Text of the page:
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OttICE OF ATTORNEY ETHICS

OF THE
SUPREME COURT OF NEW JERSEY

CHARLES CENTINARO

PHONE: (609) 5304008


FAX:
(609) 530-5238

DIRECTO'?
P.O. BOX 963
TRENTON, NEW JERSEY 08625

January 28, 2016


CERTIFIED MAIL/RRR AND REGULAR MAIL
Robert C. Novy, Esq.
2915 Ridgeway Road
Manchester, NJ 08759
Re:

Office of Attorney Ethics v. Robert C. Novy, Esq.


Docket No. XIV-2014-0697E

Dear Mr. Novy:


In accordance with R. I : 20-4(d), I serve upon you a complaint, You are required to file your
written, verified answer within 21 days of receipt. R. 1: 20-4(e). The original and one (1) copy of your
answer are to be filed directly with me.
In filing your answer, you must follow In re Gavel, 22 N.J. 248, 263 (1956) and R,1:20-4(e),
which requires the answer to contain:
(1)

a full, candid and complete disclosure of all facts reasonably within the
scope of the formal complaint;

(2)

all affirmative defenses, including all claim of mental or physical


disability, if any, and whether it is alleged to be causally related to the
offense charged;

(3)

any mitigating circumstances;

(4)

a request for a hearing either on the charges or in mitigation; and

(5)

any constitutional challenges to the proceedings. R. 1:20-4(e).

You are advised that, while the burden of proof by clear and convincing evidence is on
disciplinary authorities to establish unethical conduct, the burden of going forward on all properly raised

wuaviudietarv,state.ni.us/oae/index.lama
Mountainvievv Office Park, 840 Bear Tavern Road, Suite 1, Ewing, NJ 08628

Robert C. Novy., Esq.


January 28, 2016
Page 2

affirmative defenses and mitigating factors, including claims of mental and physical disability, if any,
and whether such defenses or claims are causally related to the offense charged, is on you. The burden
of proof for all medical/psychiatric defenses is clear and convincing evidence. R.1:20-6(c)(2)(13),
Please note that you must personally verify your answer by attaching and signing the following
form to that document:

VERIFICATION OF ANSWER
am the respondent in the within disciplinary
action and hereby certify as follows:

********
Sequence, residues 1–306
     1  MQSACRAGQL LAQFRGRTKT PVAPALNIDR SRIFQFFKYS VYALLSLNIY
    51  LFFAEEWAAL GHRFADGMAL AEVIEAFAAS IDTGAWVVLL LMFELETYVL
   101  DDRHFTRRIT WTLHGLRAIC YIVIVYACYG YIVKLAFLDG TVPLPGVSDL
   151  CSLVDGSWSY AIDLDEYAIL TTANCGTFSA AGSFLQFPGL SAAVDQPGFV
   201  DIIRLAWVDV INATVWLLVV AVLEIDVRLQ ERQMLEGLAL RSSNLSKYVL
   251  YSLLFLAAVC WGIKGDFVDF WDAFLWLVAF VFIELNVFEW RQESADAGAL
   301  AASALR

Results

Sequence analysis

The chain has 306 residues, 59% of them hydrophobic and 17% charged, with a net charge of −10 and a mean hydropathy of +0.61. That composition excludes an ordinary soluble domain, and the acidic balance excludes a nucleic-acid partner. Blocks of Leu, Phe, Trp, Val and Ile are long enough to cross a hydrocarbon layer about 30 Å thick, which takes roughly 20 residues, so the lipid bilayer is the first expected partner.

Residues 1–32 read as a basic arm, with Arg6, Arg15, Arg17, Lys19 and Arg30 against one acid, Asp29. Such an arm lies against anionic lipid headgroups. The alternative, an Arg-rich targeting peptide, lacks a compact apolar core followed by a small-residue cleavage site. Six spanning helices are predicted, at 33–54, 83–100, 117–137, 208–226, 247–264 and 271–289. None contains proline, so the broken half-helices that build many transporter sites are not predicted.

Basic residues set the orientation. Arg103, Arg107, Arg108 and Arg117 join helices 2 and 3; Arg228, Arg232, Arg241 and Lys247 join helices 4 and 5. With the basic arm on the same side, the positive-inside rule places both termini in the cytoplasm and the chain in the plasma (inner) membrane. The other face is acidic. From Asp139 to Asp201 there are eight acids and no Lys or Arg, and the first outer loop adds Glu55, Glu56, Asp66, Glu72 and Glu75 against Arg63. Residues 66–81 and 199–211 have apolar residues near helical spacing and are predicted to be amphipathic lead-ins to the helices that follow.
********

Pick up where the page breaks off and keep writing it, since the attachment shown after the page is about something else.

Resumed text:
1.
I have read every paragraph of the foregoing Answer to the Complaint and verify
that the statements therein are true and based on my personal knowledge.
2.
I am aware that if any of the foregoing statements made by me are willfully false, I
am subject to punishment.
DATE:
(Sign Name Here)

TAKE NOTICE THAT YOUR FAILURE TO FILE A TIMELY, VERIFIED


ANSWER WILL CONSTITUTE AN ADMISSION OF THE CHARGES, SUCH
FAILURE MAY ALSO RESULT IN YOUR IMMEDIATE TEMPORARY
SUSPENSION FROM PRACTICE. IN EITHER EVENT, NO FURTHER
HEARING NEED BE HELD AND THE ENTIRE RECORD, OR A RECORD
SUPPLEMENTED BY THE PRESENTER, IN THIS MATTER CAN BE
CERTIFIED DIRECTLY TO THE DISCIPLINARY REVIEW BOARD FOR
IMPOSITION OF SANCTION, ALL PURSUANT TO R.1:20-6(c)(1) R.1:20-4(e)
and (I) AND R.1:20-11,
This matter will be prosecuted before a hearing panel or Special Ethics Master. Pursuant to
R.1:20-4(g), you are entitled to have an attorney present on your behalf at the forthcoming hearing. If
you are unable to retain an attorney by reason of indigency, you may make application to the
Assignment Judge of your vicinage for the appointment of counsel based upon a certification pursuant
to R. I:20-4(g). Such application must be made within 14 days after service of the complaint on written
notice to me. In addition, you are entitled, pursuant to R.1:20-7(i), to the issuance of subpoenas
necessary and relevant to your defense. This application should be directed to the hearing panel chair
or any special ethics master at least two weeks prior to the hearing date. Your failure to

Robert C. Novy, Esq.


January 28, 2016
Page 3

timely request the issuance of subpoenas or assignment of counsel will constitute a waiver.
Furthermore, failure to timely secure counsel forthwith, either directly or by application to the
Assignment Judge, will not be accepted by the hearing panel or special ethics master as a reason for
adjournment.

R. 1:20-5(a),

Pursuant to
discovery of all information specified therein is requested. In the event
that any class of information specified in that rule is not available, a written representation to that effect
is required.
If you have any questions regarding this matter, you should promptly communicate with me.
Very truly yours,
#

41 =um atanteut--..

Maureen G. Bauman
Deputy Ethics Counsel
MGB/kmw
Enclosures
cc:

Nancy Rice, Grievant (w/encls.)


Thomas Curtin, Esq., Respondent's Counsel (w/encls.)
Steven Secare, Esq., Secretary
District IIIA Ethics Committee (w/encl. Complaint only)
Barbara M. Galati, Assistant Chief of Investigations (w/o encl.)
William M. Ruskowski, Chief of Investigations (w/o encl.)
OAE Records Section (w/encl.)

OFFICE OF ATTORNEY ETHICS


SUPREME COURT OF NEW JERSEY
P.O. BOX 963
TRENTON, NJ 08625
(609) 530-4008
Presenter: Maureen G. Bauman

SUPREME COURT OF NEW JERSEY


District XIV Ethics Committee
Docket No. XIV-2014-0697E

OFFICE OF ATTORNEY ETHICS,


Complainant
Disciplinary Action
COMPLAINT
R. 1:20-4(b)